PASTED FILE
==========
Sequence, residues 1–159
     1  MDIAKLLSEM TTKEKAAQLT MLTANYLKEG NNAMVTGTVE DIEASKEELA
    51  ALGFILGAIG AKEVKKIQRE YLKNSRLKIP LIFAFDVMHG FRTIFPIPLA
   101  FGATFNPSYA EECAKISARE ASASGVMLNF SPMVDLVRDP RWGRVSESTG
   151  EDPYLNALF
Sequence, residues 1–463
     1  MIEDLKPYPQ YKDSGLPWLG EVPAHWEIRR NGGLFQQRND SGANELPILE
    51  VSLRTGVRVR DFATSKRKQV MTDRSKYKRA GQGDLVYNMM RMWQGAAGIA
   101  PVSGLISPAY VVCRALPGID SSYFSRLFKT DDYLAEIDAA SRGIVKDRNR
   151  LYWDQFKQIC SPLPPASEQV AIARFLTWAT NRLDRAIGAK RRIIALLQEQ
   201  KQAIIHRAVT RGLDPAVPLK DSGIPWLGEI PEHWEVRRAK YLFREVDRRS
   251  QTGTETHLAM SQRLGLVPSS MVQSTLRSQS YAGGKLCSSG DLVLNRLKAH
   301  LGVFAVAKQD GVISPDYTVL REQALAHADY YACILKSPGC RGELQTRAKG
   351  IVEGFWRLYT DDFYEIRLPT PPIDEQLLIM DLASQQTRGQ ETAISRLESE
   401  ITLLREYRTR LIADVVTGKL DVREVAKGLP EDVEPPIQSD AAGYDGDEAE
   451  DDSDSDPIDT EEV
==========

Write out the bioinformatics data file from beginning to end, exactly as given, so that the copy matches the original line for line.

Sequence, residues 1–159
     1  MDIAKLLSEM TTKEKAAQLT MLTANYLKEG NNAMVTGTVE DIEASKEELA
    51  ALGFILGAIG AKEVKKIQRE YLKNSRLKIP LIFAFDVMHG FRTIFPIPLA
   101  FGATFNPSYA EECAKISARE ASASGVMLNF SPMVDLVRDP RWGRVSESTG
   151  EDPYLNALF
Sequence, residues 1–463
     1  MIEDLKPYPQ YKDSGLPWLG EVPAHWEIRR NGGLFQQRND SGANELPILE
    51  VSLRTGVRVR DFATSKRKQV MTDRSKYKRA GQGDLVYNMM RMWQGAAGIA
   101  PVSGLISPAY VVCRALPGID SSYFSRLFKT DDYLAEIDAA SRGIVKDRNR
   151  LYWDQFKQIC SPLPPASEQV AIARFLTWAT NRLDRAIGAK RRIIALLQEQ
   201  KQAIIHRAVT RGLDPAVPLK DSGIPWLGEI PEHWEVRRAK YLFREVDRRS
   251  QTGTETHLAM SQRLGLVPSS MVQSTLRSQS YAGGKLCSSG DLVLNRLKAH
   301  LGVFAVAKQD GVISPDYTVL REQALAHADY YACILKSPGC RGELQTRAKG
   351  IVEGFWRLYT DDFYEIRLPT PPIDEQLLIM DLASQQTRGQ ETAISRLESE
   401  ITLLREYRTR LIADVVTGKL DVREVAKGLP EDVEPPIQSD AAGYDGDEAE
   451  DDSDSDPIDT EEV